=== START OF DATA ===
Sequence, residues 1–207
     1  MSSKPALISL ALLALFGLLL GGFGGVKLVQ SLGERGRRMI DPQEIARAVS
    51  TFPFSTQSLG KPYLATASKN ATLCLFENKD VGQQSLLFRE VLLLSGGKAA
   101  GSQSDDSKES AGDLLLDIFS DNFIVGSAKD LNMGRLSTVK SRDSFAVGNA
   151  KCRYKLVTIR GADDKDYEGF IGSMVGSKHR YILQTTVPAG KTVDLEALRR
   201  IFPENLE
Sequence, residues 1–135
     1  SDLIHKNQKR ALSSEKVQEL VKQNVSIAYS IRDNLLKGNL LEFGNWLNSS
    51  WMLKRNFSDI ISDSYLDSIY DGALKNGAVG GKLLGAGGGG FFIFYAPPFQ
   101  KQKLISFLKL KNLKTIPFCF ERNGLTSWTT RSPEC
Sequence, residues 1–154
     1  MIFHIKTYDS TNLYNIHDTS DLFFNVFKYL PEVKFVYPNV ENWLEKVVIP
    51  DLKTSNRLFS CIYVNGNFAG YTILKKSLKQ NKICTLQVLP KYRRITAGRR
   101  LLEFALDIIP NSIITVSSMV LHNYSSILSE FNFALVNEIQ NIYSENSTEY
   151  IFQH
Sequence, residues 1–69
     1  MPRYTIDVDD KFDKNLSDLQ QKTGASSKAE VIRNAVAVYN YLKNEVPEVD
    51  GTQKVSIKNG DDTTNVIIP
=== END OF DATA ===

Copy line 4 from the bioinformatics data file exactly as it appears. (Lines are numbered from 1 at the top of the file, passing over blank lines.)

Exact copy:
   101  GSQSDDSKES AGDLLLDIFS DNFIVGSAKD LNMGRLSTVK SRDSFAVGNA